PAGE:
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See also: Rung, rừng, and rụng



Etymology 1[edit]

Old English hrung, from Proto-Germanic *hrungō.


rung (plural rungs)

  1. A crosspiece forming a step of a ladder; a round.
  2. A crosspiece between legs of a chair.
  3. (nautical, dated) A floor timber in a ship.
  4. (dated) One of the stakes of a cart; a spar; a heavy staff.
  5. (engineering, dated) One of the radial handles projecting from the rim of a steering wheel.
  6. (engineering, dated) One of the pins or trundles of a lantern wheel.

Etymology 2[edit]

From the verb ring, from Middle English ringen, from Old English hringan (to ring, sound, clash; announce by bells), from Proto-Germanic *hringijaną (to resound, ring)



  1. past participle of ring (only in senses related to a bell)
  2. (chiefly dialectal) simple past tense of ring
    • 1723, Charles Walker, Memoirs of Sally Salisbury, VI:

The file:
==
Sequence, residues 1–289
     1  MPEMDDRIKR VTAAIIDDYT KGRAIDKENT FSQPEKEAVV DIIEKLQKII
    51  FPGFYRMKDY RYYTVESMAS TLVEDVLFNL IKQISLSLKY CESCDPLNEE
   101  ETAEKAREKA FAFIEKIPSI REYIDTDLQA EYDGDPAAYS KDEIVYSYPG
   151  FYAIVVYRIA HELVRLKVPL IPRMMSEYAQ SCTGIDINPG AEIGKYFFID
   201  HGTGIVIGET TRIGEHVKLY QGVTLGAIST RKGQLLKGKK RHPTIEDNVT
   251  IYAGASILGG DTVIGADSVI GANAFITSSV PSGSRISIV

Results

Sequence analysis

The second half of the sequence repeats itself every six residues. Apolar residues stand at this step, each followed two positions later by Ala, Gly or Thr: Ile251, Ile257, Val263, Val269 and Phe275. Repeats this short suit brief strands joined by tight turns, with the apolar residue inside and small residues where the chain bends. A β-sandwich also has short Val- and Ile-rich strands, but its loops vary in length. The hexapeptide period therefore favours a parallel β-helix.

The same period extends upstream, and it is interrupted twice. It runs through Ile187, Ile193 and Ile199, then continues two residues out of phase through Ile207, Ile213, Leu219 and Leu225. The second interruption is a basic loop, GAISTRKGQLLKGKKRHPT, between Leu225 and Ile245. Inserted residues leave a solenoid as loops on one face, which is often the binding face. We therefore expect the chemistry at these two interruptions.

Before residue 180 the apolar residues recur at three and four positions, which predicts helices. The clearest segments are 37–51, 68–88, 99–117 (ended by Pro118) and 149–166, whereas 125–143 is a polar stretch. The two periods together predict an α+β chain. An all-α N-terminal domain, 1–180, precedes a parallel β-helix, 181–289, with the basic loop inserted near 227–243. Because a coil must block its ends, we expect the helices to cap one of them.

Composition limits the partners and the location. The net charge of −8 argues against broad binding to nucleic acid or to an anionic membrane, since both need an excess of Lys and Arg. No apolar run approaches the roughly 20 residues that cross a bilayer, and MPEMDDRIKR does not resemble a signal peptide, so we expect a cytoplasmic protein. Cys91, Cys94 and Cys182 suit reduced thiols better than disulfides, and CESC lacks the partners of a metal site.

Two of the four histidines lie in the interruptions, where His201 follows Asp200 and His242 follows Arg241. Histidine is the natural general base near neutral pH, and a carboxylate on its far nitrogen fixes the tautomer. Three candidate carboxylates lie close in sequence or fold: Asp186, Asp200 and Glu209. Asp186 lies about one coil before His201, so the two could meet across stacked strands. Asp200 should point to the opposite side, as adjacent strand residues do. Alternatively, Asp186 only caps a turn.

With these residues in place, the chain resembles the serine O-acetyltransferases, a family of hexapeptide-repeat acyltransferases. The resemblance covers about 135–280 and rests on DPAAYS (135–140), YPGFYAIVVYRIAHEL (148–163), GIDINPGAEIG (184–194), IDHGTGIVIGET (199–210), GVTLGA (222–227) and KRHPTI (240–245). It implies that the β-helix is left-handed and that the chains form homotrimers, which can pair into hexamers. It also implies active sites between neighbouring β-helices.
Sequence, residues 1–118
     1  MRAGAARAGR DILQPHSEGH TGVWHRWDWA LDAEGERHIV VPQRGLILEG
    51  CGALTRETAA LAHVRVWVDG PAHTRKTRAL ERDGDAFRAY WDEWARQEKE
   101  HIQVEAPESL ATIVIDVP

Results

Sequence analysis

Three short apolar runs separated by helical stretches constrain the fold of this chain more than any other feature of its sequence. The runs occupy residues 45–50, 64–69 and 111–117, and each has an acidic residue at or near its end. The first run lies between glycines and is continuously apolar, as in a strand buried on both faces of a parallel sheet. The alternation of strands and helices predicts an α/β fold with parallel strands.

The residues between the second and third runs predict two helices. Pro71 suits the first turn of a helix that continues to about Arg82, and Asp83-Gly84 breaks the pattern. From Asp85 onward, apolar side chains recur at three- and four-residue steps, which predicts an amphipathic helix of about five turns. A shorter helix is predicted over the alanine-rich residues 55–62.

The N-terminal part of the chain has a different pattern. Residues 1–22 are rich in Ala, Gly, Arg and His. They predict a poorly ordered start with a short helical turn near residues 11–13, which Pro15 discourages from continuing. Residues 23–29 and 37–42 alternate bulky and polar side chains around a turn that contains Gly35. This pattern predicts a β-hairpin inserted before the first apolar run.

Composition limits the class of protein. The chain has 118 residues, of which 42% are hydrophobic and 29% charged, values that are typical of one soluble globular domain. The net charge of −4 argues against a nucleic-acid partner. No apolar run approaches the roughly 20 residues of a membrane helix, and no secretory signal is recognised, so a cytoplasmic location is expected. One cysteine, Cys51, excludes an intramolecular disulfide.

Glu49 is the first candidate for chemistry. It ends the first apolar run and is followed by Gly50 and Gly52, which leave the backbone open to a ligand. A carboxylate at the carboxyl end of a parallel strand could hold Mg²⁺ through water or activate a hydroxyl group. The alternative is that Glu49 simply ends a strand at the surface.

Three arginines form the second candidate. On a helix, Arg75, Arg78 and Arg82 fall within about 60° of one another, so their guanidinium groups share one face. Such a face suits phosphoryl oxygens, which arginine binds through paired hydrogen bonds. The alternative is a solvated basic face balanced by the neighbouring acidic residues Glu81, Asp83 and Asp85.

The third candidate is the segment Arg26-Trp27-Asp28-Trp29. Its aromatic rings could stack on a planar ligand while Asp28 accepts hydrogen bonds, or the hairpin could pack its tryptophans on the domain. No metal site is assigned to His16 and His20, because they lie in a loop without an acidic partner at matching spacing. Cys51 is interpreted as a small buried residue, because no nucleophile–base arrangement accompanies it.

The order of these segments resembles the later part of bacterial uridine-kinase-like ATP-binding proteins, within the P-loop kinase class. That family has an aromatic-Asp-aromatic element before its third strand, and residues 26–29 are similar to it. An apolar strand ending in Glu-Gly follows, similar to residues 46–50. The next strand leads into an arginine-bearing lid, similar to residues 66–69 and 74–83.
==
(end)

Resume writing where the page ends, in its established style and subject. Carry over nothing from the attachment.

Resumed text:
With ecchoing Shouts the vaulted Chamber rung, / Belle Chuck was now the TOAST of ev'ry Tongue.
    • 1906, (Please provide the book title or journal name), page 229:
      Mr. Seibels, in his testimony, said I rung him up to see about labels. He is very much mistaken. I rung him up to see about bottles.
    • 1996, Peter Golenbock, Wrigleyville: A Magical History Tour of the Chicago Cubs, page 435:
      So they rung him up, and the next day he came to me and wanted to know where that pitch was.
    • 2008, Dean Kuipers, Burning Rainbow Farm: How a Stoner Utopia Went Up in Smoke, page 70:
      "I just rung him up, told him I was looking for an apartment and some work and got both of them the same day," Moe said.

Usage notes[edit]

Rang and rung are incorrect for the past of ring in the sense of encircle, where ringed is used instead.

Rung as a simple past is usually considered incorrect.

Further reading[edit]






  1. to put in motion; to shake; to agitate; to ring (bell)